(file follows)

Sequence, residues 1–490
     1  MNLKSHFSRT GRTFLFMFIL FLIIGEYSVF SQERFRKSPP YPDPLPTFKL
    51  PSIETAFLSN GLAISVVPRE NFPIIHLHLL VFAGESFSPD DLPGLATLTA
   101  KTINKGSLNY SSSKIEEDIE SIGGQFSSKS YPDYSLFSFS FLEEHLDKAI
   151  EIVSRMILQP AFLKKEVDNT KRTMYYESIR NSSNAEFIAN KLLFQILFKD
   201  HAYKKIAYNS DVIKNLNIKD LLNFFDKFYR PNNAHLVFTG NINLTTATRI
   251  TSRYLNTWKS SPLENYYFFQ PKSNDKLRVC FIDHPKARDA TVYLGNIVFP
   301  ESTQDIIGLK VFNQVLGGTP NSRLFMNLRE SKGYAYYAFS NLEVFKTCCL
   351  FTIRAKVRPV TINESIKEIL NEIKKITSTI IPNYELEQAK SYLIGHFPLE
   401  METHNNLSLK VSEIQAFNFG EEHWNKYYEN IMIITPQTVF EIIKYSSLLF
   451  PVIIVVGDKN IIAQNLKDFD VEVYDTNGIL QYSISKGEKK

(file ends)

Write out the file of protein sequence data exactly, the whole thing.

Sequence, residues 1–490
     1  MNLKSHFSRT GRTFLFMFIL FLIIGEYSVF SQERFRKSPP YPDPLPTFKL
    51  PSIETAFLSN GLAISVVPRE NFPIIHLHLL VFAGESFSPD DLPGLATLTA
   101  KTINKGSLNY SSSKIEEDIE SIGGQFSSKS YPDYSLFSFS FLEEHLDKAI
   151  EIVSRMILQP AFLKKEVDNT KRTMYYESIR NSSNAEFIAN KLLFQILFKD
   201  HAYKKIAYNS DVIKNLNIKD LLNFFDKFYR PNNAHLVFTG NINLTTATRI
   251  TSRYLNTWKS SPLENYYFFQ PKSNDKLRVC FIDHPKARDA TVYLGNIVFP
   301  ESTQDIIGLK VFNQVLGGTP NSRLFMNLRE SKGYAYYAFS NLEVFKTCCL
   351  FTIRAKVRPV TINESIKEIL NEIKKITSTI IPNYELEQAK SYLIGHFPLE
   401  METHNNLSLK VSEIQAFNFG EEHWNKYYEN IMIITPQTVF EIIKYSSLLF
   451  PVIIVVGDKN IIAQNLKDFD VEVYDTNGIL QYSISKGEKK